WITH an eighth of the world’s population, the rich countries – the US, Canada, UK and the EU – have received more than 50 per cent of the world’s vaccine doses. The US alone has received 147 million vaccine jabs (see Table 1). This is more than 14 times what the entire continent of Africa – with four times the population of the US – has received. And if we do not count the vaccine doses that Morocco, truly an outlier in Africa, has received, the US has received 60 times the vaccine doses that Africa has! No wonder Taddeus Ghebreyesus, the WHO’s director-general, called the distribution of vaccines in the world “grotesque”. Let us not call reserving the bulk of vaccines for a handful of rich ex-colonial or settler-colonial states ‘vaccine nationalism’. Let us call it what it is: vaccine apartheid at a global level.
Table 1: Number of Vaccine Doses Injected
Countries Population (Millions) Vaccine Doses (millions) Vaccinate Doses/100
US+Canada 368.7 153.1 41.5
UK 68 34.5 50.8
EU 445 72.2 16.2
Rest of Europe 237 16.6 7.0
Latin America 654.1 45.7 7.0
China 1440 115 8.0
India 1380 63.1 4.6
Asia-India-China 1820 66.8 3.7
Africa 1340 10.3 0.8
Total 4592.8 500.2 10.9
(Figures from OurWorldinData https://ourworldindata.org/covid-vaccinations up to March 30, 2021)
The figures in Table 2 provide the number of vaccine doses produced till March 29 (AirFinity website) by major vaccine manufacturers. If we ignore the insignificant production of Bharat Biotech, Johnson & Johnson and CanSino to date, we see that more than 90 per cent of the current vaccines produced have come from Pfizer, AstraZeneca, Sinovac, Moderna and Sinopharm. Sputnik V is yet to manufacture large quantities, even though it has lined up many companies willing to manufacture the vaccine.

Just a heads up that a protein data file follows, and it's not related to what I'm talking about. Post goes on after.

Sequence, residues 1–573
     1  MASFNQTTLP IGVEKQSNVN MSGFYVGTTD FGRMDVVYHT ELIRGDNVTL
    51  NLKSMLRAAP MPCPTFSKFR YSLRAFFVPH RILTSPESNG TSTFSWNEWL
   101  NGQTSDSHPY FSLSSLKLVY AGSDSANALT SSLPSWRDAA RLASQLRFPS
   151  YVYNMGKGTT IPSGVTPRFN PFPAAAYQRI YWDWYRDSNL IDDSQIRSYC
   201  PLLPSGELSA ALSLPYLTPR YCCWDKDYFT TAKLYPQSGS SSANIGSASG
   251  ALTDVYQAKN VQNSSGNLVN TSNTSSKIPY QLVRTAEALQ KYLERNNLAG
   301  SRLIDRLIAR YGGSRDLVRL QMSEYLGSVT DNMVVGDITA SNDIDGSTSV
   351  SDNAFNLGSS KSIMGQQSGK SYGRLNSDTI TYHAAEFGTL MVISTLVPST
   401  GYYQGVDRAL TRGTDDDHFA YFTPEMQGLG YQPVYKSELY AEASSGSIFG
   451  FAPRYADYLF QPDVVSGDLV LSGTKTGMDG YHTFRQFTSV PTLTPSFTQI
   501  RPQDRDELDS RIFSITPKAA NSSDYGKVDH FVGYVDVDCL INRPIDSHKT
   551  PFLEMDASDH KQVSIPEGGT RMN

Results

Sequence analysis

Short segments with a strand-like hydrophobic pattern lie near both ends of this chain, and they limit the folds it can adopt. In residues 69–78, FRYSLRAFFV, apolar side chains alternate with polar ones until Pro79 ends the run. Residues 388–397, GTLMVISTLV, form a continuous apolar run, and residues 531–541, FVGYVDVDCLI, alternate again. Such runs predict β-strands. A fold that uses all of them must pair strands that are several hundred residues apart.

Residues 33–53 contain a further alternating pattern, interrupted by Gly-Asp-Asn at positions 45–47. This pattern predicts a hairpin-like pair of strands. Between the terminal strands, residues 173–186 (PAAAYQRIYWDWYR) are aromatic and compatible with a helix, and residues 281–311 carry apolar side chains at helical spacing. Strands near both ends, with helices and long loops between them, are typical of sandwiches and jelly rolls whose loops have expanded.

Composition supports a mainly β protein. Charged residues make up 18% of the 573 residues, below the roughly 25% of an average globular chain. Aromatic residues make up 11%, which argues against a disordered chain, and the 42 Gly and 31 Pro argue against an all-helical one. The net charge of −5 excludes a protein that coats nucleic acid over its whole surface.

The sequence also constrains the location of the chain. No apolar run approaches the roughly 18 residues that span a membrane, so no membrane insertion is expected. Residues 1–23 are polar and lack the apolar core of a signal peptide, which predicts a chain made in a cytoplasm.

How much of the vaccine manufactured in the rich countries has gone to the rest of the world? The brutal answer is that the rich countries have supplied almost entirely to themselves. Moderna’s production has been entirely for the US. Pfizer has supplied the US from its US facilities, and the EU and the UK from its European plants. It has also supplied vaccines to Israel and the Gulf monarchies, but that is a small fraction of its total production.
The rich countries have had some squabbles with each other – the UK and the EU over AstraZeneca supplies, for example. (Perhaps this is why they have had no time for the rest of the world.) If we match the number of doses they have manufactured (see Table 2), with the number of doses used in their own countries, we get an estimate of how much they have supplied to other countries.
Where have these other countries – pretty much the rest of the world – got their vaccines from? It appears that the only sources of vaccines are those produced in China and India, with Russia providing smaller amounts. This is substantiated by various press sources which recount how countries in Latin America, Eastern Europe and Southeast Asia are receiving supplies from China, India or Russia.
Table 2: No of Vaccine Doses Produced
Companies Doses (Millions) Fraction of Total (%)
Pfizer 192.3 26.8%
AstraZeneca 187.3 26.1%
Sinovac 157.1 21.9%
Moderna 85.0 11.8%
Sinopharm 71.4 10.0%
Sputnik 14.7 2.0%
Bharat Biotech 5.6 0.8%
Johnson & Johnson 2.0 0.3%
CanSino 2.0 0.3%
Total 717.4 100.0%
(Airfinity website https://www.airfinity.com/data-studio with figures up to March 29, 2021)